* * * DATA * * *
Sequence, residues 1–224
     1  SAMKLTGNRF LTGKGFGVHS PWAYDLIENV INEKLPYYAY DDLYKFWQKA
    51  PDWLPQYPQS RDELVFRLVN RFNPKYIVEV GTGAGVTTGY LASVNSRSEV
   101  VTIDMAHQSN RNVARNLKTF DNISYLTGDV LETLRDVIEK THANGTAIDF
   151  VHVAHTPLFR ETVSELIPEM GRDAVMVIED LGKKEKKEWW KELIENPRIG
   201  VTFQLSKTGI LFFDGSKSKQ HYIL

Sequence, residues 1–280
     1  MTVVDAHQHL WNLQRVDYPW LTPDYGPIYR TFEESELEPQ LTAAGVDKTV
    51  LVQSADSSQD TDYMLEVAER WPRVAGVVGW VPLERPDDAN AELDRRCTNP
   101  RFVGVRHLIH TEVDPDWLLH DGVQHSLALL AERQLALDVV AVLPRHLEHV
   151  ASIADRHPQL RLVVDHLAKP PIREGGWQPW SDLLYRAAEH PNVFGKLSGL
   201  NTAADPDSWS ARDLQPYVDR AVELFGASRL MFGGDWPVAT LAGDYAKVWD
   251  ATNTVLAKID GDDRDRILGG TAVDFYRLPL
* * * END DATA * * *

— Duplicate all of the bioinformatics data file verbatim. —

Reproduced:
Sequence, residues 1–224
     1  SAMKLTGNRF LTGKGFGVHS PWAYDLIENV INEKLPYYAY DDLYKFWQKA
    51  PDWLPQYPQS RDELVFRLVN RFNPKYIVEV GTGAGVTTGY LASVNSRSEV
   101  VTIDMAHQSN RNVARNLKTF DNISYLTGDV LETLRDVIEK THANGTAIDF
   151  VHVAHTPLFR ETVSELIPEM GRDAVMVIED LGKKEKKEWW KELIENPRIG
   201  VTFQLSKTGI LFFDGSKSKQ HYIL

Sequence, residues 1–280
     1  MTVVDAHQHL WNLQRVDYPW LTPDYGPIYR TFEESELEPQ LTAAGVDKTV
    51  LVQSADSSQD TDYMLEVAER WPRVAGVVGW VPLERPDDAN AELDRRCTNP
   101  RFVGVRHLIH TEVDPDWLLH DGVQHSLALL AERQLALDVV AVLPRHLEHV
   151  ASIADRHPQL RLVVDHLAKP PIREGGWQPW SDLLYRAAEH PNVFGKLSGL
   201  NTAADPDSWS ARDLQPYVDR AVELFGASRL MFGGDWPVAT LAGDYAKVWD
   251  ATNTVLAKID GDDRDRILGG TAVDFYRLPL